The answer is President Calvin Coolidge. He once famously put on a native American Indian headdress and nobody like him in it. He was ridiculed. When Will Rogers saw the photo he said, "Politics makes strange red fellows." People thought it diminished the office of the President of the United States. Ever since this incident presidents have avoided wearing odd hats and/or costumes. LBJ while Vice-President had to wear odd things as he travelled about. LBJ was likewise ridiculed, and this was another reason why LBJ hated the Kennedys.

See - http://www.c-spanvideo.org/appearance/563343969

Joe Backes

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During his administration, JFK was famous for eschewing hats. It became an influential fashion trend - I believe hat sales dropped off in the Kennedy years. The couple times he was photographed in hats - a topper worn to greet Eisenhower on Inauguration morning; a dark fedora worn for an evening car trip - were the exceptions that proved the rule that Kennedy looked more stylish sans hat. So his demurrer in Dallas was an "inside joke" that the audience would have been complicit with. I doubt he offended anyone who wasn't already gunning for him.

Edited by David Andrews
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During his administration, JFK was famous for eschewing hats. It became an influential fashion trend - I believe hat sales dropped off in the Kennedy years. The couple times he was photographed in hats - a topper worn to greet Eisenhower on Inauguration morning; a dark fedora worn for an evening car trip - were the exceptions that proved the rule that Kennedy looked more stylish sans hat. So his demurrer in Dallas was an "inside joke" that the audience would have been complicit with. I doubt he offended anyone who wasn't already gunning for him.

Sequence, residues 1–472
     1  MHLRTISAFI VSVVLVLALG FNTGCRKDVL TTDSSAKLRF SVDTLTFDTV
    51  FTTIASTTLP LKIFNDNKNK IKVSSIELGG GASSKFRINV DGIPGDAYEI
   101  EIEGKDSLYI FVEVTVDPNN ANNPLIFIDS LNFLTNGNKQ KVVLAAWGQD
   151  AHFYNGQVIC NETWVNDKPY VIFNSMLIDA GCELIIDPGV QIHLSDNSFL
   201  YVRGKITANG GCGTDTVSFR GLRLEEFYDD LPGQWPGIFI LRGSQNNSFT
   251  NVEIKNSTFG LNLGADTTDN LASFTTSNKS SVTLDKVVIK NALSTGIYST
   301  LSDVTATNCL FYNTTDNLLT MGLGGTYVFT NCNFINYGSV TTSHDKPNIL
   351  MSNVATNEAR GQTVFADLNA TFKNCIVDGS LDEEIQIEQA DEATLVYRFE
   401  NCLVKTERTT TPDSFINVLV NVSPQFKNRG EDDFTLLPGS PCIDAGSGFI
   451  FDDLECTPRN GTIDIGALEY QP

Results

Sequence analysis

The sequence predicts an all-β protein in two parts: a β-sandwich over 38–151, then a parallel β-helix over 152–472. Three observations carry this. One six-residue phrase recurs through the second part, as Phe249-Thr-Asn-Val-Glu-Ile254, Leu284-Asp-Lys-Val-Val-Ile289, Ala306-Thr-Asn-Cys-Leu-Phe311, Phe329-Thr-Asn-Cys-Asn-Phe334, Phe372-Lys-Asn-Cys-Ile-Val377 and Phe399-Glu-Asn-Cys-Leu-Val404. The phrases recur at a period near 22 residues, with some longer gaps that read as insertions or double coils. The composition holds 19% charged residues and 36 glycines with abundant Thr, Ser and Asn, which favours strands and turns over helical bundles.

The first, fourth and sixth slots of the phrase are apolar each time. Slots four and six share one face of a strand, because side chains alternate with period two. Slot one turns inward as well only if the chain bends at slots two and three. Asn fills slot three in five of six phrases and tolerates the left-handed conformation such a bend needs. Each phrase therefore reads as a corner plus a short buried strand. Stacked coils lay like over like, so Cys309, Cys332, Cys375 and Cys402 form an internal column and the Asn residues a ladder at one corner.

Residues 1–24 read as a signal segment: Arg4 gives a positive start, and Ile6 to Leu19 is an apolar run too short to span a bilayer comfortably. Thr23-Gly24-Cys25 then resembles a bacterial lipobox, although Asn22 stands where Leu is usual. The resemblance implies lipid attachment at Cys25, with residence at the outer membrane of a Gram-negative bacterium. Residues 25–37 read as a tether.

So I've been told since I raised this question. Thanks David, it appears I've missed this entire aspect of JFK and his Presidency.

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Glenn - I find the Ft. Worth breakfast MC's comment about Kennedy needing cowboy boots to protect against "local enemies," like the rattlesnakes on Johnson's ranch, to be rather ominous, and more telling of Texas animosities than the hat thing

PS: Seen this gag?

Edited by David Andrews
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It's been said that JFK was probably the most wittiest President in the modern era, and maybe the closest to match or surpass the wit of Lincoln. If you see this whole speech on that morning in Ft.Worth, JFK deliveries one of his last and more memorable witty responses when he talks about how it feels similar going around Texas with Ms. Kennedy like in Paris.

He says something to the effect 'Nobody Cares what Lyndon and I wear'. Room breaks out with laughter and you see the camera pan to LBJ, and he turns his head towards Lady Bird sort of smirking probably thinking to himself 'you got me again you son of a bitch'. You see Jackie console him a bit after the remark. JFK's last shot at LBJ I guess.

Here it is, Start at 5:04 below

http://www.youtube.com/watch?v=WWe6oqAyV50

Wish I had wit like him. I don't know who is a witty person these days anyway. Especially in politics.